THE MISFITS (1961 United States)

Marilyn-Monroe-on-the-set-of-The-Misfits-3On one hand we have the female sex symbol of them all giving her all – on the other side of the ledger  – we have a man named Gay. And he was the biggest male sex symbol of his era, an era where rugged men were called… Gay. And to think Montgomery Clift was in this too but he was lucky enough to be named Perce.

Guys like Gay (Clark Gable) are littered throughout small towns across North America – these are folks who remember how it ‘Used to Be,’ and who feel lost in the New World Order, where the sort of machismo that manifests itself in wrestling stallions to the ground is no longer a ruling concern. Gay’s mantra, `Better than wages, ain’t it?’ is his ode to a simpler time when free men didn’t have to work for The Man, but could take care of themselves. When they were free to be christened Gay without everyone assuming they were a fruit.

Roslyn (Marilyn Monroe), on the other hand, is a more rare bird: flighty and sensuous, beautiful and beaten, she is this world’s canary in the coalmine. This is easily Monroe’s finest work in a serious role, a tremulous and delicate performance. She actually managed to pull the performance of her life from somewhere in the desert of her soul. She seemed to be emerging from her sex-pot shell in her impersonation of a drifting divorcée drawn to a trio of struggling, aimless Nevada ranch hands. Her expressions and mannerisms are natural, at times weighted with a sadness, a tiredness that may not have been acting at all.

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Whether intentional or not, these facial shots of grief and pain are exquisitely disturbing, as much for their fleshing out Marilyn’s personal struggle at the time the film was made as for the mixed-up character she was playing. Playing Roslyn, she is a recently divorced woman who meets up with a couple of older men, Guido (Eli Wallach) and Gay (Clark Gable), and escapes with them to a country house. The men are besotted with this naive, sexy blonde who has a certain verve for life. They meet with Montgomery Clift’s rodeo rider, Perce, as they venture out to the desert first for rodeo, then to catch some Mustang horses.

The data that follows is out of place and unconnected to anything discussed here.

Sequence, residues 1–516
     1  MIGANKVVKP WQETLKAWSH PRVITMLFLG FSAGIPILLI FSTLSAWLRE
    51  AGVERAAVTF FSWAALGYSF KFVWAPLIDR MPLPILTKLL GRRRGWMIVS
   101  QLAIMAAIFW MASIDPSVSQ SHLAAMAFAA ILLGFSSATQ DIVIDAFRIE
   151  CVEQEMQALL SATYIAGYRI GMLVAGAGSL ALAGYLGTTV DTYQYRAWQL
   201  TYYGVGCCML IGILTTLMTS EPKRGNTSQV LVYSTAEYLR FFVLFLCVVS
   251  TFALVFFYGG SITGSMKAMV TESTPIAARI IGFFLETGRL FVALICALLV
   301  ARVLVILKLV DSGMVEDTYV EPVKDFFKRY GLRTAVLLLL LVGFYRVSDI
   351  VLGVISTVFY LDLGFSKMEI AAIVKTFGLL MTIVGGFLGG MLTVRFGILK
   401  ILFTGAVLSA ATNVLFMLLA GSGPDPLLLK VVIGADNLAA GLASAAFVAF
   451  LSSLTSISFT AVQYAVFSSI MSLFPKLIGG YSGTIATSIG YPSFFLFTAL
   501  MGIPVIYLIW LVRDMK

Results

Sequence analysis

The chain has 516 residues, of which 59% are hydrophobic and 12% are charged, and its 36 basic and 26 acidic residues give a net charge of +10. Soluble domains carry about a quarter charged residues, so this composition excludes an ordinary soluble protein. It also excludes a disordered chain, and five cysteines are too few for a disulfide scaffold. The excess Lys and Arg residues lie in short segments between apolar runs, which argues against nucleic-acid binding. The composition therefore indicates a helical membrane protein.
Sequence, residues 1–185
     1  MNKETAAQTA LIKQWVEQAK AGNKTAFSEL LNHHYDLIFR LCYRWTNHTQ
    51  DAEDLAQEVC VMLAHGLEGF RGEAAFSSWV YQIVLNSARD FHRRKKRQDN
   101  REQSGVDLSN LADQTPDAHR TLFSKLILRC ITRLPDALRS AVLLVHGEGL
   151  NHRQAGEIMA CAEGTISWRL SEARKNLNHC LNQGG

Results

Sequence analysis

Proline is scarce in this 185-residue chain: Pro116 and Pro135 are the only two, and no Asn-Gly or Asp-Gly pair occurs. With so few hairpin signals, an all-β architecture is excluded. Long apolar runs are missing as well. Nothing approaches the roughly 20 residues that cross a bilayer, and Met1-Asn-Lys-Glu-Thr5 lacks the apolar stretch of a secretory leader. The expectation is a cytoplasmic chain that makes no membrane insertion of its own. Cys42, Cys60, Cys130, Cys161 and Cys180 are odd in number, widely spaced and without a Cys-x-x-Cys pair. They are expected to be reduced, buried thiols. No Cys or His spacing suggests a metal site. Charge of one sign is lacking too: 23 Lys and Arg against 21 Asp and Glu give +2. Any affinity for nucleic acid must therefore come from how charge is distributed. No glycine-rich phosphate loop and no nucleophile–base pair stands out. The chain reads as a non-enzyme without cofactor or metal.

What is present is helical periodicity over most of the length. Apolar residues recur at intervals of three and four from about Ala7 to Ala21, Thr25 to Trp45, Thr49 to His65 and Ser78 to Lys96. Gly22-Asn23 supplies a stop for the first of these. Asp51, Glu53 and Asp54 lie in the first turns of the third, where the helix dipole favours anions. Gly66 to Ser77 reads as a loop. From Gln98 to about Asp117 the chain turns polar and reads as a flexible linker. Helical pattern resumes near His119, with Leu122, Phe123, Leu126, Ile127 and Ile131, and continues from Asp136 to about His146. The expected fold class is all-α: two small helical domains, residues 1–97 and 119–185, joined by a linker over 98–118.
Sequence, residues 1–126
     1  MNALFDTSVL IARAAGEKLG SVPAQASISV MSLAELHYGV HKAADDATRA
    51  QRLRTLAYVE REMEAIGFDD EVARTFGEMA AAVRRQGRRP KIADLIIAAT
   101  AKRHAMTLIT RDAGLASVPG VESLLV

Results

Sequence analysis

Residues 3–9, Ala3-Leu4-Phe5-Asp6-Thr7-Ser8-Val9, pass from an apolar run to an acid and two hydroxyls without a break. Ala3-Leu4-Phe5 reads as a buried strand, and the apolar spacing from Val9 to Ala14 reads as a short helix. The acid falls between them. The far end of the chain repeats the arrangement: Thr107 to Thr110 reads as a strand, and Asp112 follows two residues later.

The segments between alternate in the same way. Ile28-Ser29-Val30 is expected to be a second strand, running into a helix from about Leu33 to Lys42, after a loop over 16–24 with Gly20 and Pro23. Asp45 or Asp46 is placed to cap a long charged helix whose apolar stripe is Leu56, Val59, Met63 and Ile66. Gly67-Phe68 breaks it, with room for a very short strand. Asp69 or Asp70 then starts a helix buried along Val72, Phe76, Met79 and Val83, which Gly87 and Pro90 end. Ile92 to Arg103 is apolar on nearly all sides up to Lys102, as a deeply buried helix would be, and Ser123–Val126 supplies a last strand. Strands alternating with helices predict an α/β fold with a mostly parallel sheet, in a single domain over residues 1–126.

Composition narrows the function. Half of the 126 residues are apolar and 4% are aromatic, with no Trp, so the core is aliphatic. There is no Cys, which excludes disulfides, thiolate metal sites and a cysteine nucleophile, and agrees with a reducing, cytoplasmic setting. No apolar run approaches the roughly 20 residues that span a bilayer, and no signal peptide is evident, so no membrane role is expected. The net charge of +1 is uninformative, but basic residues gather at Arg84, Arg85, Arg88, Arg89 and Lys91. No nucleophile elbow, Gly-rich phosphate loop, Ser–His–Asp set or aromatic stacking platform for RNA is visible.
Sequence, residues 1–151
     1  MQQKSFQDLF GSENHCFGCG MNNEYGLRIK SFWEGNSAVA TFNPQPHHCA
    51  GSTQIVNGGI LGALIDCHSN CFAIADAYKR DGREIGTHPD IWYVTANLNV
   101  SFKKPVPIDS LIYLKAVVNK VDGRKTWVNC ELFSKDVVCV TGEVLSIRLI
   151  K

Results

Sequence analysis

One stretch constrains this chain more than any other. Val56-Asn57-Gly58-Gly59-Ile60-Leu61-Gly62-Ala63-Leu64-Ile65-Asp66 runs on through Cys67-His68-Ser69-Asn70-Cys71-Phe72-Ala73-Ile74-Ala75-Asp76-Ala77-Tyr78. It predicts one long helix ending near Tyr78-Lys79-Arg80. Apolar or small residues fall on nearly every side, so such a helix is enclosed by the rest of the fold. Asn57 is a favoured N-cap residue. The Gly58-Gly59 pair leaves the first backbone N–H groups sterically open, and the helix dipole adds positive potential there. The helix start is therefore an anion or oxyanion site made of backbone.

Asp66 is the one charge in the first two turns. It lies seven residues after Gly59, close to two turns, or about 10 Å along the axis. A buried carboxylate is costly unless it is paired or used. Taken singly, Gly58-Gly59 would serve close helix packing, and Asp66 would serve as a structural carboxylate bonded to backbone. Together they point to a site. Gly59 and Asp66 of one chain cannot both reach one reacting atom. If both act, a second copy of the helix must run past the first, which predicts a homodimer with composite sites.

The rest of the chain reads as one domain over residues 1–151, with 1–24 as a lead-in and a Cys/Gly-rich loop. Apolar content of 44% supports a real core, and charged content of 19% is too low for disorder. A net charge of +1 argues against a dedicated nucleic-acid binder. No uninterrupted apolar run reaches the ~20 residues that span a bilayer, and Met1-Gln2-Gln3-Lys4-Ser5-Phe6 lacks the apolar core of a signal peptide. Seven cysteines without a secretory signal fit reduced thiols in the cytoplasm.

When Roslyn discovers that the men plan to sell the horses for dog meat, her attitude towards the men, and their dying practices changes. But she is not there just for the purpose of altering the outlook of these gruff men, or to push modernity into the plains. Like the real Marilyn, Roslyn craves the attention of men, – Norma Jean never knew who her real father was, and her mother was less than interested in her – so she was especially needy for a father figure; a man she could fully trust and rely on.

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This collusion of Marilyn’s real-life and the character in The Misfits is no accident of course. The screenplay was written specifically for her by her then husband, playwright Arthur Miller, and he clearly knew her need for that elusive father figure, and her need to soak up attention, using her body image to mask her internal pain, and tragic sense of abandonment. It is to Miller’s credit that his plot highlights people’s lives as being marked by long stretches where “nothing happens,” yet how many of us describe our lives as gray, empty and consistently devoid of meaning?

It’s the moment at which Miller’s characters are caught — between unhappy pasts and uncertain futures, where nothing seems to be happening but anything might in the immediate future — that brings forth beautifully wrought tension and drama from lives seemingly free of either. Whilst certainly not her best film (director John Huston had stated that she was difficult, and the decision to shoot in black and white was due to her bloodshot eyes – caused by alcohol and prescription drugs), but this is absolutely her greatest and most revealing role. The Misfits also shows how some of us are suckers for nostalgia and other people’s pain.

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